Lloydminster’s Upstream Data is mining for more than just black gold

Click to play video: 'Saskatchewan oil companies power cryptocurrency mining'
Saskatchewan oil companies power cryptocurrency mining
WATCH: Upstream Data has quadrupled in size over the last year as it data mines for cryptocurrency, including bitcoin – Apr 16, 2021

Stephen Barbour plied his trade as a heavy oil and gas engineer for over a decade in Lloydminster.

Over his tenure, he saw a common problem, one that he believed to have the solution to.

“There’s a lot of vent gas and waste gas off of the upstream oil wells here,” Barbour explained. “It’s a problem that pretty much any local oil company has been trying to attack for a long time.”

Read more: Bitcoin hits new record, trading above $62,700

His solution was developing the company, Upstream Data.

Its data centres can be tied into oil wells and powered by excess gas on-site, then, in turn, use that energy to run computers that mine for bitcoin.

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“When I learned about bitcoin, and that it was energy-intensive, it was pretty obvious that you could just drop a bitcoin mine on an oil well and consume the waste gas there,” he said.

“The process is pretty simple,” he continued. “We just build a genset, like a natural gas engine that’s fueled by the gas, it generates electricity, and then we distribute that electricity to the computers.”

Read more: Okanagan man trading home for Bitcoin in red-hot real estate market

Although Bitcoin, a digital currency also known as cryptocurrency isn’t the only type, it is the most well known.

You can make money by data mining for bitcoin, but the process requires computers doing countless calculations, which in turn requires a lot of energy.

Even though it’s become quite common now when Upstream first entered the market the idea was a tough sell.

“I almost got, you know, my eyes rolled at,” Upstream CSO Ryan Dutton explained. “Almost politely like, laughed out of meeting or conversations a year ago. People were like, what, you strap on this machine and I make these Mario coins,” he continued. “I’d get laughed at, then these same guys are calling me a year later saying wow, this bitcoin is really a thing.”

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As cryptocurrency popularity rises so too has the demand on Upstream units, the boom causing Barbour to quadruple his company size over the last year.

“We’ve grown a lot in the last year,” he said. “Business-wise, last year I have 8-9 deployments, and from what you’ll see in the shop is we’re at like 85-90.”

Read more: Bitcoin’s carbon footprint could be offset by blockchain’s green applications, experts say

As the price for bitcoin is constantly fluctuating, so does the market for Upstream products. However, the high returns for end-users helped the company in its initial push to market.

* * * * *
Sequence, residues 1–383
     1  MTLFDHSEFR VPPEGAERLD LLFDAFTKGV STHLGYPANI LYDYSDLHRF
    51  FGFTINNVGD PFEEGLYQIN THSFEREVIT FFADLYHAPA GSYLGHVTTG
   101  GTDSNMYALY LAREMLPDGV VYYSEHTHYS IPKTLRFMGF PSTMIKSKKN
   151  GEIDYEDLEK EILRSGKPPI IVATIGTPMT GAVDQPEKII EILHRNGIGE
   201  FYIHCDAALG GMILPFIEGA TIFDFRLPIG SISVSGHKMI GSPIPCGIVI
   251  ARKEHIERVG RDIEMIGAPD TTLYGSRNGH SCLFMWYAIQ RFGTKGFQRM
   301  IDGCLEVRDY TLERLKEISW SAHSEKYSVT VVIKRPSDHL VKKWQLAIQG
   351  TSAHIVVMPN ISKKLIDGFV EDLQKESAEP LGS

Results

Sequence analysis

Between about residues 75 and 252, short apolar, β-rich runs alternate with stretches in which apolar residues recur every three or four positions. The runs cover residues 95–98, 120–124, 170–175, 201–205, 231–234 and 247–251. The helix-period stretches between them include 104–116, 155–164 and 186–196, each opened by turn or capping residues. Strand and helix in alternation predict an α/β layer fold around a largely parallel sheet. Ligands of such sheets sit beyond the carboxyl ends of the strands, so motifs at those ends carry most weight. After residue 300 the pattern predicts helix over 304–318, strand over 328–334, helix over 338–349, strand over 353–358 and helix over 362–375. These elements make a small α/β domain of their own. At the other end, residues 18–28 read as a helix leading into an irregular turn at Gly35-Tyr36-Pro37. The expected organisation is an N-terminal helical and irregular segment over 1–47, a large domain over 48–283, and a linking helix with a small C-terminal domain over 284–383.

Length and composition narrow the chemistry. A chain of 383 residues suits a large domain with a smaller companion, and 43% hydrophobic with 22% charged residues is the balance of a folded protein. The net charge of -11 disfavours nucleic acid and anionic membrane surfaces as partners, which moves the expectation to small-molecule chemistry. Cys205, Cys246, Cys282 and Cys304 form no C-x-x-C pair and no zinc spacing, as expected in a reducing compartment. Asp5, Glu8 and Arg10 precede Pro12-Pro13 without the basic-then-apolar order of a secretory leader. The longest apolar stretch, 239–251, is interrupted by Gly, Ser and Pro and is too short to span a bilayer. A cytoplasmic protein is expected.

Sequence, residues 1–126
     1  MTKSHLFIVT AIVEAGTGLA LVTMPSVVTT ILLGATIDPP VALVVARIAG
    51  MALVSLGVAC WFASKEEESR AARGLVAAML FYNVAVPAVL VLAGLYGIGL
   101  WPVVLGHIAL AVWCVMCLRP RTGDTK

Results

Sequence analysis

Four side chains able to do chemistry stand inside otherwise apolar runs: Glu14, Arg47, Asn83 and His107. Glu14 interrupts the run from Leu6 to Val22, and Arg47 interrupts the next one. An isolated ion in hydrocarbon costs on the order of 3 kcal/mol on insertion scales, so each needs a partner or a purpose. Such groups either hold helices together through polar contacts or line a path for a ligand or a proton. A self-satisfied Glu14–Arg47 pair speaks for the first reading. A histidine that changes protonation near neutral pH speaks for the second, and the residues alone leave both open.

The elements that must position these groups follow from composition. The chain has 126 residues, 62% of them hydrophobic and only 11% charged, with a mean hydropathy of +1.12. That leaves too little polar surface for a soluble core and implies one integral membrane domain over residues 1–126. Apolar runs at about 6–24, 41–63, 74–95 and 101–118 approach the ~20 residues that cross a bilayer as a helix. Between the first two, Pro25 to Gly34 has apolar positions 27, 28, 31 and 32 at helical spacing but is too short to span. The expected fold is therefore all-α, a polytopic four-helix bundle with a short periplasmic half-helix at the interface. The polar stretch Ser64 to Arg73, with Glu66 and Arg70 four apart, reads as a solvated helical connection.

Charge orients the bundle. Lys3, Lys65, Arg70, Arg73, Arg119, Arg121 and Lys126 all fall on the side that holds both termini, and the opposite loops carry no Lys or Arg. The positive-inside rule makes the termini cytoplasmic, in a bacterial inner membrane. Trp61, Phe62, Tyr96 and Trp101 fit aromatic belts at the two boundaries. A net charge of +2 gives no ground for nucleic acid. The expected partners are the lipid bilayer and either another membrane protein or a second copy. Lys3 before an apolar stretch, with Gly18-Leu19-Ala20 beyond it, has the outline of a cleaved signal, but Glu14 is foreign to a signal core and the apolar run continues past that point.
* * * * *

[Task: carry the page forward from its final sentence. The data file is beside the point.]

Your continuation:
“At that time they made a lot of money, like, one little V-8 engine was making $2,500 dollars a day, which is unbelievable,” Barbour said.

Even though the pandemic hurt bitcoin’s prices, they’ve begun to rebound in 2021. Currently, one bitcoin is worth over CAD $72,000.

Although monetarily beneficial, that’s not the only positive offered by the data miners.

Read more: Tesla cars can now be bought with bitcoin, says Elon Musk

They also offer a solution to gases that would’ve been flared or vented off, reducing the emissions at every site that they’re deployed.

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“Producers are willing to invest in this tech. If they can get a reasonable payout, and it solves an environmental issue, which is their emission profile, if they can reduce that,” Barbour said. “When we can offer them a product that reduces their tax obligations which is their carbon penalties, it’s exciting. It’s exciting to them, it’s exciting to everyone, just wasting less resources is exciting, I think.”

Something that his customers agree with.

“We’ve worked with them since early 2020 on this part of our greenhouse gas emissions project, to reduce it,” said Rife Resources operator Travis Desilets. “So, yeah, it generates a little profit on the other end, and it’s good. It drastically reduces our emissions and keeps us legal, so it’s great.”

Barbour’s units have found their way across Saskatchewan, and Alberta, while also spanning all over the United States.

It’s something he hopes will continually grow, as he plans to have over 200 active units before the end of 2021.

“There’s not a producer out there wanting to be wasteful, everyone is using all of the technology that we can to be good stewards of the resource,” he said.

Click to play video: 'Focus Saskatchewan – April 17, 2021'
Focus Saskatchewan – April 17, 2021

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